“Don’t trust anyone over thirty.” That used to be a common sentiment. Today I would find myself saying, “Don’t trust anyone under thirty.” This of course speaks to the different ways that generations view things. One of the books I read recently was Bowling Alone. It had a lot of interesting information and a lot of boring nonsense. One of the points the book made was that there has been a lot of parallel changes in many areas of our culture from voting to church attendance. On the subject of voting it says,
“Very little of the net decline in voting is attributable to individual change, and virtually all of it is generational.” p. 34There is a lot of discrimination that goes on across generations. Some of it is warranted, some is not. In many career paths older workers have a hard time getting a job that pays well even if they have the abilities and experience.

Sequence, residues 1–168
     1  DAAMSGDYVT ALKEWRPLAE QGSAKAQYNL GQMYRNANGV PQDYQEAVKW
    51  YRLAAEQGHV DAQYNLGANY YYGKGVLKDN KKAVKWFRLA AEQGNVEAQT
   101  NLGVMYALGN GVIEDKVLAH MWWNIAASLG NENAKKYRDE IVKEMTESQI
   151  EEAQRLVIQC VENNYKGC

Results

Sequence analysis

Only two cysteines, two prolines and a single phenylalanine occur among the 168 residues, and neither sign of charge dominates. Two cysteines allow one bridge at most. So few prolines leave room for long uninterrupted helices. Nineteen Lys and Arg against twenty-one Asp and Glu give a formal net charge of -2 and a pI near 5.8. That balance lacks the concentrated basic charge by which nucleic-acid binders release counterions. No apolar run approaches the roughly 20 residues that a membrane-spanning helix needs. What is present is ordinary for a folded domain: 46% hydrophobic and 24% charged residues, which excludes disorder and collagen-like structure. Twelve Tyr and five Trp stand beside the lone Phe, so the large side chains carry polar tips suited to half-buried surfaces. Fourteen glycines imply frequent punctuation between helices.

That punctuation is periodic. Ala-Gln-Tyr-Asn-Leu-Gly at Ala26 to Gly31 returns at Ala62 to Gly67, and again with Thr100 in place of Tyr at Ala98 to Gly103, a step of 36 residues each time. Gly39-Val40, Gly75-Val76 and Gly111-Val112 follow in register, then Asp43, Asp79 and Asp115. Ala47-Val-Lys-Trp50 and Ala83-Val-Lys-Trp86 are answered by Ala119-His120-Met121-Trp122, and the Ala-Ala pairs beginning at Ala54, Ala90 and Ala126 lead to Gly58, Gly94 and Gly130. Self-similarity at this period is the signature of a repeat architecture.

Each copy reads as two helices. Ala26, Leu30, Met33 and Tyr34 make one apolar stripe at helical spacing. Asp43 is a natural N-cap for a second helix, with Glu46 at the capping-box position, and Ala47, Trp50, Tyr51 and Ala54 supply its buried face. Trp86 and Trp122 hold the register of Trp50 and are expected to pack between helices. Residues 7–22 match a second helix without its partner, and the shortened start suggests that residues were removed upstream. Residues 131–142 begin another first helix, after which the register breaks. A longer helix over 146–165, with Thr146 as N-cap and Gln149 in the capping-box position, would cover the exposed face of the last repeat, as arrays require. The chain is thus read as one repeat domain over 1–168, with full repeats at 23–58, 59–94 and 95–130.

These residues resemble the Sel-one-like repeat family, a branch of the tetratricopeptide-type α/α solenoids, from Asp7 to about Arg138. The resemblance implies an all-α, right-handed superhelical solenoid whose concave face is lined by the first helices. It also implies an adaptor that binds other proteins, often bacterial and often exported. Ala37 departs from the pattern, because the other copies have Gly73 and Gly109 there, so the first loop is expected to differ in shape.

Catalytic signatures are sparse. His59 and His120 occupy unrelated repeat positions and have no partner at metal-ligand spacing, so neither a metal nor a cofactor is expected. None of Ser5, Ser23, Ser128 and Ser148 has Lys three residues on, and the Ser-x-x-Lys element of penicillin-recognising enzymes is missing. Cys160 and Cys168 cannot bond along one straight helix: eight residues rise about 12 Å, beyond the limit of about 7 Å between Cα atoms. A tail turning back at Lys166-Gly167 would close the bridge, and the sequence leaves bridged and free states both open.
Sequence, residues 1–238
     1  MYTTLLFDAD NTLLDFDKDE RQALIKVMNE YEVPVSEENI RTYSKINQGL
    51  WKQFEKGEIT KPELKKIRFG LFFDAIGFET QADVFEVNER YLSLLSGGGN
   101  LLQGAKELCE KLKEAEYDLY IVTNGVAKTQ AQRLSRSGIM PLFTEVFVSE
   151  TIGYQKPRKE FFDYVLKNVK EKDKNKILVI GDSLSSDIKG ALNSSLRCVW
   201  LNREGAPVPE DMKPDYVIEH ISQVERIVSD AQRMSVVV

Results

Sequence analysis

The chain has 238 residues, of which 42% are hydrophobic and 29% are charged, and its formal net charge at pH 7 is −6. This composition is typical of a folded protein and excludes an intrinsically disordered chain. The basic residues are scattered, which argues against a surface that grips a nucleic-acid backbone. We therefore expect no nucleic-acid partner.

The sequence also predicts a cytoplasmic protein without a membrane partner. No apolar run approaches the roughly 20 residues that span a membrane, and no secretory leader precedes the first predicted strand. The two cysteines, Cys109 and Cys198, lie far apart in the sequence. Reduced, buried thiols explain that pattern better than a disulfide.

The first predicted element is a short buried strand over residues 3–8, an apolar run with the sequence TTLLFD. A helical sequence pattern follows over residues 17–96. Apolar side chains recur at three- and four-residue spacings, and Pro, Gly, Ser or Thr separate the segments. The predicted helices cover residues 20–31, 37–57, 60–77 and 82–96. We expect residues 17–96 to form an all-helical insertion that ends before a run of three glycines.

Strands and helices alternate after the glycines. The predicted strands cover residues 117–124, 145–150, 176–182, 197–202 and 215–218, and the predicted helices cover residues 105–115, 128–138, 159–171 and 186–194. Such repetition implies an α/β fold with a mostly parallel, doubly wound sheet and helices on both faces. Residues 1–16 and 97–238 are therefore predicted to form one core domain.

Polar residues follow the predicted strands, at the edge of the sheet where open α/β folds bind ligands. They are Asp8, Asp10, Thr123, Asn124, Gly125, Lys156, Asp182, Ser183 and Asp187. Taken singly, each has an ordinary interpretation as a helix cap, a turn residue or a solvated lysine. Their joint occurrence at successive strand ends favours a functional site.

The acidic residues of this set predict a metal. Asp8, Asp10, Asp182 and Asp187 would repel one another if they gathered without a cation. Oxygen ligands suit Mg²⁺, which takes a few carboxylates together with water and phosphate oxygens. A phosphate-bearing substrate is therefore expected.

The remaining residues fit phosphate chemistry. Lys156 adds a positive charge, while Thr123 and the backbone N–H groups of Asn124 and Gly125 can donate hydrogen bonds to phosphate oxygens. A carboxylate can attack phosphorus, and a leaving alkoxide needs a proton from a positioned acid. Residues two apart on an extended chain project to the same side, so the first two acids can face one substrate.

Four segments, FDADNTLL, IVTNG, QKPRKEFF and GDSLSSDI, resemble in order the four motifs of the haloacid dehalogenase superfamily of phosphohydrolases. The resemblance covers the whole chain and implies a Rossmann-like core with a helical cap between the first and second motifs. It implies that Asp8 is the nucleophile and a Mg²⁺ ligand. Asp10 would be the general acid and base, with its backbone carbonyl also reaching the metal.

I have reached the golden years of retirement. If the government does not totally ruin our society and I don’t do something incredibly stupid, I will have enough to live on. My health is good. My family is awesome. I am enjoying the time I have. But I sometimes wonder if I should be doing more. This hit me when I saw the following verse,
(Gen 12:4 KJV) So Abram departed, as the LORD had spoken unto him; and Lot went with him: and Abram was seventy and five years old when he departed out of Haran.Abram was 75 when he started out on his adventure of obedience and faith. I can’t picture that. I am ready to rest on my laurels, Abram was starting the nation of Israel.
Maybe I should set my goals a bit higher. Maybe not.
Putnam, Robert D. Bowling Alone. New York: Simon and Schuster, 2000.
homo unius libri
Yes, but keep in mind that Abraham lived to 175 years old. Things were different back then, it seems.ReplyDelete
Probably the lack of fluoride in the water.Delete
Grace and peace